LG Electronics says Germany's Miele infringes washing patents

October 24, 2016 12:23 PM EDT

Visitors walk past the showroom of LG Electronics during the Auto China 2016 show in Beijing, China April 26, 2016. REUTERS/Kim Kyung-Hoon


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SEOUL/FRANKFURT (Reuters) - LG Electronics said Miele was infringing patents for so-called steam washing machines and has sent a letter demanding that the German domestic appliance maker stop using the technology, setting an end-October deadline for a response.

Miele has been and is willfully infringing on LG's patents, LG said in the letter, sent last week and seen by Reuters.

"In the interest of finding an amicable resolution of this matter, we are open to having an in-person meeting in November to discuss how to resolve this matter," the company wrote.

Miele, whose roots go back to 1899 when Carl Miele and Reinhard Zinkann founded a company to manufacture dairy cream separators, confirmed it had received the letter.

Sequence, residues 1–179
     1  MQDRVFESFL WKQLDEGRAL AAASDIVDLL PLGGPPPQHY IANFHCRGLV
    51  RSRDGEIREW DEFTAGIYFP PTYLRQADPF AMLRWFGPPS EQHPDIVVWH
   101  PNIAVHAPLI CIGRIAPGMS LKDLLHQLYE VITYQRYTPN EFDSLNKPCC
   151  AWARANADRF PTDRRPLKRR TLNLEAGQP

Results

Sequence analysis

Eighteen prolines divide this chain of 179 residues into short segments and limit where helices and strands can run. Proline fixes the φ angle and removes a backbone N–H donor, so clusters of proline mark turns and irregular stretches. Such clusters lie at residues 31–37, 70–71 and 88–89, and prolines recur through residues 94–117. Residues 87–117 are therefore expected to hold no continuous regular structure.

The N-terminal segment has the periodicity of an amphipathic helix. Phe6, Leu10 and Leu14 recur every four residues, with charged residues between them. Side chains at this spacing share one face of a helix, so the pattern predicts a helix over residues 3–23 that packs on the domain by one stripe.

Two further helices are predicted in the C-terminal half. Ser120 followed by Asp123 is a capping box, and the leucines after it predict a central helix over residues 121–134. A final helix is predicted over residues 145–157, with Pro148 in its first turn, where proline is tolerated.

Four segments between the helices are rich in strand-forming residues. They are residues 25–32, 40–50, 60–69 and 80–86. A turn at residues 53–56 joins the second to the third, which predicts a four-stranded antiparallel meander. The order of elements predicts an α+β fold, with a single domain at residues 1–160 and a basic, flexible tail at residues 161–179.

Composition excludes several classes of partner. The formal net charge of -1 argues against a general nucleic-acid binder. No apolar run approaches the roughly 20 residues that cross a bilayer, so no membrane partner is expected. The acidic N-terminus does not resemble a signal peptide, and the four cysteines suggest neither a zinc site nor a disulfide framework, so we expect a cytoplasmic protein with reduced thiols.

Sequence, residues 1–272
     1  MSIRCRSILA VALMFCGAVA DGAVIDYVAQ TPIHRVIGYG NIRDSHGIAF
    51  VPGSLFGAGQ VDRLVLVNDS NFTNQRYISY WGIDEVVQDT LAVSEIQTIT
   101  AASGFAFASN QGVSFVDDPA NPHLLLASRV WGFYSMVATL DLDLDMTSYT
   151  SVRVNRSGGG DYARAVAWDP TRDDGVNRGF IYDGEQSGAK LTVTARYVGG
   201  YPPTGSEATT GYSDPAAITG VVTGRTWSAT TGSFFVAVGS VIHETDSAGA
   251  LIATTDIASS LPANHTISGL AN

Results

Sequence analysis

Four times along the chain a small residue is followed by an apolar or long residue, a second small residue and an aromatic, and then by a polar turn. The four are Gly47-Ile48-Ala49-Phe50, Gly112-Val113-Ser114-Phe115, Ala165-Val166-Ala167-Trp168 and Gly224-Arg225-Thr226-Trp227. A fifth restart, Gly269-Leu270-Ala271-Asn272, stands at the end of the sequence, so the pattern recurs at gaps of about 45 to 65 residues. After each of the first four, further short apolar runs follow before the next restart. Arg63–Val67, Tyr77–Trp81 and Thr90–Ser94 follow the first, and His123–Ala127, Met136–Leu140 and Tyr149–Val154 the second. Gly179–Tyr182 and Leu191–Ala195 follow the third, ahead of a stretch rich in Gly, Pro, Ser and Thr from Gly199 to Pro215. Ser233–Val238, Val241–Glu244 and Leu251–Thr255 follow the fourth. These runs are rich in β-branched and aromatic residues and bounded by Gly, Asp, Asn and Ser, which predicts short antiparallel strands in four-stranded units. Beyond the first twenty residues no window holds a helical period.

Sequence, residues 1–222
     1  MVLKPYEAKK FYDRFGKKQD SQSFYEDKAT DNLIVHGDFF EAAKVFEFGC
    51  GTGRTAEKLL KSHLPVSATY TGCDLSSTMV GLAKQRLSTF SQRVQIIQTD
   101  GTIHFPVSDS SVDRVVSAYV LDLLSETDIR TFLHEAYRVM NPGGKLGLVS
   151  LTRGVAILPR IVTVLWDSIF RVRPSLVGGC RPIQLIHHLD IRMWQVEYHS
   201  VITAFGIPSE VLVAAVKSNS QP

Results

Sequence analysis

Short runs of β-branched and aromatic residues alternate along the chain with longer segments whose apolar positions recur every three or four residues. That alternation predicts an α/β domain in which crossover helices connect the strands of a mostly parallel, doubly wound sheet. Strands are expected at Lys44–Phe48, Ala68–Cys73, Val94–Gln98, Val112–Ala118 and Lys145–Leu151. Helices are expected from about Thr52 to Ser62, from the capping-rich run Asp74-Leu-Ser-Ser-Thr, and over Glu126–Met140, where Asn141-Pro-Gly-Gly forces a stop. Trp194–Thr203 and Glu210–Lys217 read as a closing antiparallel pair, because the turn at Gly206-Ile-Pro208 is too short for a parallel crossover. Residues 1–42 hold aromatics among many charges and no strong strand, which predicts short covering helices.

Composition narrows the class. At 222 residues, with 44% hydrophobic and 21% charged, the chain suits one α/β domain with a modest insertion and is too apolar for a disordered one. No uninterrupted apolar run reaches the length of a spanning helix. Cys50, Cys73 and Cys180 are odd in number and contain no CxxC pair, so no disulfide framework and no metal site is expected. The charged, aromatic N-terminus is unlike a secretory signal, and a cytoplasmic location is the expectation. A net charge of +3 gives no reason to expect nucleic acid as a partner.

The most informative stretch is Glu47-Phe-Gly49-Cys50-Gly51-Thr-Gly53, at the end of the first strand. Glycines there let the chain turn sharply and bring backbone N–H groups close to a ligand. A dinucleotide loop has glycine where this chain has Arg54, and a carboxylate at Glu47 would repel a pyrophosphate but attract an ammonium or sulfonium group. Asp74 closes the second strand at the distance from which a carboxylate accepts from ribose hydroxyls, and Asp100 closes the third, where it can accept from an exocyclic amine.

"Miele will examine the facts and answer in the required way," a Miele spokeswoman said in a statement, declining to give further comment for the moment.

The global washing machine market is expected to grow 2 percent this year to 123 million units, while sales are seen down 1 percent to $44 billion, market research firm GfK says.

LG said it holds more than 500 patents worldwide, related to the use of steam in its washing machines, including in Europe, the United States, South Korea and China.

Steam washing machines use less water and are therefore more energy-efficient. LG said Miele was violating "a considerable number" of its patents.

"LG respects intellectual property rights and the company will adopt proper legal measures to defend both our reputation and the rights to our exclusive technology," the company said in a statement to Reuters.

Privately held Miele reported a 6 percent increase in sales to 3.7 billion euros ($4 billion) for its fiscal year ending June 30, of which 2.6 billion came from outside its home market of Germany.

(Reporting by Harro ten Wolde and Eric Auchard in Frankfurt and Se Young Lee in Seoul, editing by David Evans)



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